The Twenty-four Days Before Christmas

The Twenty-four Days Before Christmas by Madeleine L'Engle Read Free Book Online

Book: The Twenty-four Days Before Christmas by Madeleine L'Engle Read Free Book Online
Authors: Madeleine L'Engle
Fortinbras had arrived on their doorstep, a half-grown puppy, scrawny and abandoned, one winter night. He was, Meg’s father had decided, part Llewellyn setter and part greyhound, and he had a slender, dark beauty that was all his own.
    â€œWhy didn’t you come up to the attic?” Meg asked her brother, speaking as though he were at least her own age. “I’ve been scared stiff.”
    â€œToo windy up in that attic of yours,” the little boy said. “I knew you’d be down. I put some milk on the stove for you. It ought to be hot by now.”
    How did Charles Wallace always know about her? How could he always tell? He never knew—or seemed to care—what Dennys or Sandy were thinking. It was his mother’s mind, and Meg’s, that he probed with frightening accuracy.
    Was it because people were a little afraid of him that they whispered about the Murrys’ youngest child, who was rumored to be not quite bright? “I’ve heard that clever people often have subnormal children,” Meg had once overheard. “The two boys seem to be nice, regular children, but that unattractive girl and the baby boy certainly aren’t all there.”
    It was true that Charles Wallace seldom spoke when anybody was around, so that many people thought he’d never learned to talk. And it was true that he hadn’t talked at all until he was almost four. Meg would turn white with fury when people looked at him and clucked, shaking their heads sadly.
    â€œDon’t worry about Charles Wallace, Meg,” her father had once told her. Meg remembered it very clearly because it was shortly before he went away. “There’s nothing the matter with his mind. He just does things in his own way and in his own time.”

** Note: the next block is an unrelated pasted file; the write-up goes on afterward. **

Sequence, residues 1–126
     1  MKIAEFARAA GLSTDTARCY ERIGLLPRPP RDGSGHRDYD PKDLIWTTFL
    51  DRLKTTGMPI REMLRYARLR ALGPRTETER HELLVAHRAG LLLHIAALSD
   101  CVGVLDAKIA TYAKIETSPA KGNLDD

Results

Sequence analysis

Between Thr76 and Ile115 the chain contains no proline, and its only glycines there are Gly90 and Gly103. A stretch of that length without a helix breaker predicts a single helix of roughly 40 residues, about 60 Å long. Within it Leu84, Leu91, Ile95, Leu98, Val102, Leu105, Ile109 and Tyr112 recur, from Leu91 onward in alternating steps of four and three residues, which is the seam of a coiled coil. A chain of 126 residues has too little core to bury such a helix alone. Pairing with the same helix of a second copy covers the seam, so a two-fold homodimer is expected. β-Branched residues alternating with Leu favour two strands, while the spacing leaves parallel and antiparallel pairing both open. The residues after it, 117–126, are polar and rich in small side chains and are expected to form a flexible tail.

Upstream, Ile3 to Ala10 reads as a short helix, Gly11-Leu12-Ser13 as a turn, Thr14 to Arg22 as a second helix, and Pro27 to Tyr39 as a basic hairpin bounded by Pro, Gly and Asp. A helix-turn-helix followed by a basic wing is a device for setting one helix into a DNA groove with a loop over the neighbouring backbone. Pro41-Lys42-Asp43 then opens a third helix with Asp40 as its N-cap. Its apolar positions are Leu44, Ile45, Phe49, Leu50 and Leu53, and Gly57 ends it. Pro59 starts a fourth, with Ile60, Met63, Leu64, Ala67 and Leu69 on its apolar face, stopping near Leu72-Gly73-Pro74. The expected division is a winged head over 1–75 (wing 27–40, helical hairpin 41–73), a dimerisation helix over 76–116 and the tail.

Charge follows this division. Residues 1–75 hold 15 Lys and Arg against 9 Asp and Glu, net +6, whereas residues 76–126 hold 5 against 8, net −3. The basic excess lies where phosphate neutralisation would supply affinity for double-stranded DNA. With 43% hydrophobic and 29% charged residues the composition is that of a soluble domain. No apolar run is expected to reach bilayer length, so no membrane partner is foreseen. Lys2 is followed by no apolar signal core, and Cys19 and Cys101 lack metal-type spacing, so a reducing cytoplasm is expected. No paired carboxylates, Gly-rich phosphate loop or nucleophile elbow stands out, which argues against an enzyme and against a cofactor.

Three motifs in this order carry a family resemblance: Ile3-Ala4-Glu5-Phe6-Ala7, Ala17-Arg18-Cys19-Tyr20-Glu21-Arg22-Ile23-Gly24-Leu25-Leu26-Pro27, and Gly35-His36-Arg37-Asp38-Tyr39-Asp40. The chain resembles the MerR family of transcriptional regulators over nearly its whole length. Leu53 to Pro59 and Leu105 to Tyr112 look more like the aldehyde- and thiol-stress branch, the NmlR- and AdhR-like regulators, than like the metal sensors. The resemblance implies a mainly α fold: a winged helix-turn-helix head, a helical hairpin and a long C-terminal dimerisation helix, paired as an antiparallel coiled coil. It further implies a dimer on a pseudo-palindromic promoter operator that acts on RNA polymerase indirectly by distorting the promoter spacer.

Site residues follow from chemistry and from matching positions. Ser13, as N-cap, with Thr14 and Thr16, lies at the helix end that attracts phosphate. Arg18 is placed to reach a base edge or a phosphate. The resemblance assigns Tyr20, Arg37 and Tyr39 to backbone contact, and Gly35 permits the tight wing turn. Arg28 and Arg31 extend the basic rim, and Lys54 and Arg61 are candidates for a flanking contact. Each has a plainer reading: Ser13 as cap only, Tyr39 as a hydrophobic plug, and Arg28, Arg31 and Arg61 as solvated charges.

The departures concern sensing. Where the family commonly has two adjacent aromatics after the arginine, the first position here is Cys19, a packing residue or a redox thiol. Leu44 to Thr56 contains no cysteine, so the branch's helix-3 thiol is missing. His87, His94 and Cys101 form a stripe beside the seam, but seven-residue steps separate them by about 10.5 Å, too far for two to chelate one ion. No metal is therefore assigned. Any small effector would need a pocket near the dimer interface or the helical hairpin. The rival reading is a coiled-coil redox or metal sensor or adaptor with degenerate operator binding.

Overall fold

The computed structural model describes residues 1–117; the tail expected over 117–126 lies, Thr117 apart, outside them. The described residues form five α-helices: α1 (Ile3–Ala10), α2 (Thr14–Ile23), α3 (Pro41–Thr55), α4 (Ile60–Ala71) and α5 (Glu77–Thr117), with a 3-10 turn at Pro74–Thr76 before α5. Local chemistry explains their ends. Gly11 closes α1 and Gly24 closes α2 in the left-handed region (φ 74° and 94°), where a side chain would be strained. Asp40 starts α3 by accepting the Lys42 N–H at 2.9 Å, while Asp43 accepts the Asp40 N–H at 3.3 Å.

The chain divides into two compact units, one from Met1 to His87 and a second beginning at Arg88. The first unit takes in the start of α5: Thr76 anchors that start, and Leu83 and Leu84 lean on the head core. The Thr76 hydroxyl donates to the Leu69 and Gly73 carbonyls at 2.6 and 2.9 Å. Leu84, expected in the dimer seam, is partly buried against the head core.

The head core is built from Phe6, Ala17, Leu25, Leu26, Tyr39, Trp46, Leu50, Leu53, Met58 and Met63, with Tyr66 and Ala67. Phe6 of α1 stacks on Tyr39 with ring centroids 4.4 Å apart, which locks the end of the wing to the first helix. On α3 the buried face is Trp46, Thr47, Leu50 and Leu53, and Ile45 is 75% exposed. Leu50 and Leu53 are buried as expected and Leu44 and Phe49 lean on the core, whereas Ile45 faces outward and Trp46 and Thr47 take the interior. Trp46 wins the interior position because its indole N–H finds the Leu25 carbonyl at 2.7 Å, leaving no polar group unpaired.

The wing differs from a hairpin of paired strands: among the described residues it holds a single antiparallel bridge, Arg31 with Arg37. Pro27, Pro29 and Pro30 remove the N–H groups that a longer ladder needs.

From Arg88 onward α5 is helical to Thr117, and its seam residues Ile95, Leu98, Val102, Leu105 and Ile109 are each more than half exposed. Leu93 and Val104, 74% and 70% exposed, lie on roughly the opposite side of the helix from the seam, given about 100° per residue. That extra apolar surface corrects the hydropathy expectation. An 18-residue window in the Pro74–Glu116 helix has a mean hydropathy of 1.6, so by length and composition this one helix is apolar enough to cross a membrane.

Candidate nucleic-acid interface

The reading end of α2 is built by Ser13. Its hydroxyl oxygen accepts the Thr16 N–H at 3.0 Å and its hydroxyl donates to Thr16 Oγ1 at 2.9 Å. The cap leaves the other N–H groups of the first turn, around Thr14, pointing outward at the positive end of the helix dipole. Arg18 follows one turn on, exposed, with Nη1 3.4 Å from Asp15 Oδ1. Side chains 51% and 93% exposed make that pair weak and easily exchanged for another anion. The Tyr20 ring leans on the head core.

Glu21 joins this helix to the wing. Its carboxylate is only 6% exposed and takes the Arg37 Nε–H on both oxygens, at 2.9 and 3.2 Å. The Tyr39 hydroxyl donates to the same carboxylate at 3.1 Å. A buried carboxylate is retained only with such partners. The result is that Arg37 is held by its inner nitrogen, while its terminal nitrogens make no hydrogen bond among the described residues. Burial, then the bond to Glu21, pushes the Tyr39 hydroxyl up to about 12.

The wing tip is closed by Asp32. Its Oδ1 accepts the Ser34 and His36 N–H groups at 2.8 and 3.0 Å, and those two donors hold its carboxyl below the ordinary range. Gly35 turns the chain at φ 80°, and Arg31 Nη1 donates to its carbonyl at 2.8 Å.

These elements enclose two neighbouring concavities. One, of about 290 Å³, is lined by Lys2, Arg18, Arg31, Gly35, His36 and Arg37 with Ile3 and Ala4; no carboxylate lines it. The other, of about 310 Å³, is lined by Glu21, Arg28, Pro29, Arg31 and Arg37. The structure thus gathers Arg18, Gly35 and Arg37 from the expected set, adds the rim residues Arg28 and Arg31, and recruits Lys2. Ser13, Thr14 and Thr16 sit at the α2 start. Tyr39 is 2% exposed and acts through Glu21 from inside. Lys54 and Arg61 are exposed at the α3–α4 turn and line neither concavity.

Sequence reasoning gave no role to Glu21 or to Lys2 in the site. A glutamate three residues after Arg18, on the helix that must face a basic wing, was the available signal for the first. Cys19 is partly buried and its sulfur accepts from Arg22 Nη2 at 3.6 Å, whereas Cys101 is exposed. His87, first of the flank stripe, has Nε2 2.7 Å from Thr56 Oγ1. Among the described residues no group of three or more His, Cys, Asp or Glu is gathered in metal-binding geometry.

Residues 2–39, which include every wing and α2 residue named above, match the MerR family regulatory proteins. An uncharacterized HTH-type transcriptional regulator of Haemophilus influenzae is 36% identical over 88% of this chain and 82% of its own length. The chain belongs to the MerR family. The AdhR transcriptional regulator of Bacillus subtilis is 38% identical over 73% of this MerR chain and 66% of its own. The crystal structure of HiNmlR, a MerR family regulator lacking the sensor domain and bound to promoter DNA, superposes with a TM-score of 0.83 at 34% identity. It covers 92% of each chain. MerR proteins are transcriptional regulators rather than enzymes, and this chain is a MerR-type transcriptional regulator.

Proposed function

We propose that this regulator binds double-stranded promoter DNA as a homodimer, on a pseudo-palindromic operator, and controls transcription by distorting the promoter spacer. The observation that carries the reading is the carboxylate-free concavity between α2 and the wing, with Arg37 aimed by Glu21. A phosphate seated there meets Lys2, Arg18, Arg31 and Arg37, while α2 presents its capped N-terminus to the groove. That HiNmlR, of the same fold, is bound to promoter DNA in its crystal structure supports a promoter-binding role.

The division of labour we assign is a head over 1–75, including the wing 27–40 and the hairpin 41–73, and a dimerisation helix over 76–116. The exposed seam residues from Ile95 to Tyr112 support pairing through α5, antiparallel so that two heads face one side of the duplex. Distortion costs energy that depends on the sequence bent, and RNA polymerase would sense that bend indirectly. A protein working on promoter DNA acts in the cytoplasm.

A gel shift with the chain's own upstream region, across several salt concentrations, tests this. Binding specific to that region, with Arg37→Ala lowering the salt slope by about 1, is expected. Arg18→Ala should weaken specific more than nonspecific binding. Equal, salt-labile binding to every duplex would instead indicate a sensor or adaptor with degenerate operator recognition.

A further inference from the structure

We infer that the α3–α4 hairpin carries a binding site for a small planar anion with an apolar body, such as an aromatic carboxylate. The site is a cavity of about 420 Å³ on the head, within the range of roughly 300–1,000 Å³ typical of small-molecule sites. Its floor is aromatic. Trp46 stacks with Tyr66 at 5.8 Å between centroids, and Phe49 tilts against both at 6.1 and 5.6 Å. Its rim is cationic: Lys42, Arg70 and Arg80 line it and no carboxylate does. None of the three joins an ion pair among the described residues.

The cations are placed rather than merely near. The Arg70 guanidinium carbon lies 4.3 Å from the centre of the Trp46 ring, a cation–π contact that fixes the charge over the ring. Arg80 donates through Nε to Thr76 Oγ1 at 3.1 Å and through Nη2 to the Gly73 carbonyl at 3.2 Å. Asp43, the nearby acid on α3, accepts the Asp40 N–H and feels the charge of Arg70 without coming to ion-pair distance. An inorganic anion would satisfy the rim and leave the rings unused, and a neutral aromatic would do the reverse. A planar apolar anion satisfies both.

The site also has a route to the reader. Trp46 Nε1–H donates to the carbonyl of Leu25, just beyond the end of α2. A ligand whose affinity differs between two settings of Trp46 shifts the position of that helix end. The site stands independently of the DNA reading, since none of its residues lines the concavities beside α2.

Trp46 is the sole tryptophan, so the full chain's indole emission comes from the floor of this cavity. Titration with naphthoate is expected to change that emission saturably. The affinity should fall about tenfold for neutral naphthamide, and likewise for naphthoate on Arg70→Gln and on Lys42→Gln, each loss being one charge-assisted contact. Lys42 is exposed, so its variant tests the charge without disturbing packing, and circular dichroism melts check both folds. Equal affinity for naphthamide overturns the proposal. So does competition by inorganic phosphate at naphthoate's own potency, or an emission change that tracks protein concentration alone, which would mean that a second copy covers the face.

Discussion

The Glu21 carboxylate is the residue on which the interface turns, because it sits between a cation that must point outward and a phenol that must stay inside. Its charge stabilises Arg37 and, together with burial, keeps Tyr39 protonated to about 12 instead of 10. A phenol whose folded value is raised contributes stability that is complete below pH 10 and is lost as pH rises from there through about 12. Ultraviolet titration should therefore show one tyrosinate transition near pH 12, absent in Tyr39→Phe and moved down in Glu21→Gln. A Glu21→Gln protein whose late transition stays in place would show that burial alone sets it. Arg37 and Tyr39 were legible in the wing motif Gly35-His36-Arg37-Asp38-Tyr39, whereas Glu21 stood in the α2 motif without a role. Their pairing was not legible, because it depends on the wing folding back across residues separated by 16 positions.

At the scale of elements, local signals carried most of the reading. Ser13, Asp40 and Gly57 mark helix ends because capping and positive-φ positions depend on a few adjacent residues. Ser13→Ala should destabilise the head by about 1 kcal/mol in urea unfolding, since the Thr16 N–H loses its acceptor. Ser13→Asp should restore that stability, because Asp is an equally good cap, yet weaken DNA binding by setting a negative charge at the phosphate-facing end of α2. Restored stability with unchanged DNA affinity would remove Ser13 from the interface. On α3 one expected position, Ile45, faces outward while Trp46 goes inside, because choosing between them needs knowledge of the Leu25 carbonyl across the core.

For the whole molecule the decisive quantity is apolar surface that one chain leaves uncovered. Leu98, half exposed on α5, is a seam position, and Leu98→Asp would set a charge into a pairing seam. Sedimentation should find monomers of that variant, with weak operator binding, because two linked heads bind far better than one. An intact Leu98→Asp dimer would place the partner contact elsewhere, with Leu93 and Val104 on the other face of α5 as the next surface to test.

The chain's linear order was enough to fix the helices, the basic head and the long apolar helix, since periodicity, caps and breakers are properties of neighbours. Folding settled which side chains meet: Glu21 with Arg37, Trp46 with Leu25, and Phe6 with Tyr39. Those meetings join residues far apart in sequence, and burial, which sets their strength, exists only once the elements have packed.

â€œI don’t want him to grow up to be dumb like me,” Meg had said.
    â€œOh, my darling, you’re not dumb,” her father answered. “You’re like Charles Wallace. Your development has to go at its own pace. It just doesn’t happen to be the usual pace.”
    â€œHow do you know ?” Meg had demanded. “How do you know I’m not dumb? Isn’t it just because you love me?”
    â€œI love you, but that’s not what tells me. Mother and I’ve given you a number of tests, you know.”
    Yes, that was true. Meg had realized that some of the “games” her parents played with her were tests of some kind, and that there had been more for her and Charles Wallace than for the twins. “IQ tests, you mean?”
    â€œYes, some of them.”
    â€œIs my IQ okay?”
    â€œMore than okay.”
    â€œWhat is it?”
    â€œThat I’m not going to tell you. But it assures me that both you and Charles Wallace will be able to do pretty much whatever you like when you grow up to yourselves. You just wait till Charles Wallace starts to talk. You’ll see.”
    How right he had been about that, though he himself had left before Charles Wallace began to speak, suddenly, with none of the usual baby preliminaries, using entire sentences. How proud he would have been!
    â€œYou’d better check the milk,” Charles Wallace said to Meg now, his diction clearer and cleaner than that of most five-year-olds. “You know you don’t like it when it gets a skin on top.”
    â€œYou put in more than twice enough milk.” Meg peered into the saucepan.
    Charles Wallace nodded serenely. “I thought Mother might like some.”
    â€œI might like what?” a voice said, and there was their mother standing in the doorway.
    â€œCocoa,” Charles Wallace said. “Would you like a liverwurst-and-cream-cheese sandwich? I’ll be happy to make you one.”
    â€œThat would be lovely,” Mrs. Murry said, “but I can make it myself if you’re busy.”
    â€œNo trouble at all.” Charles Wallace slid down from his chair and trotted over to the refrigerator,

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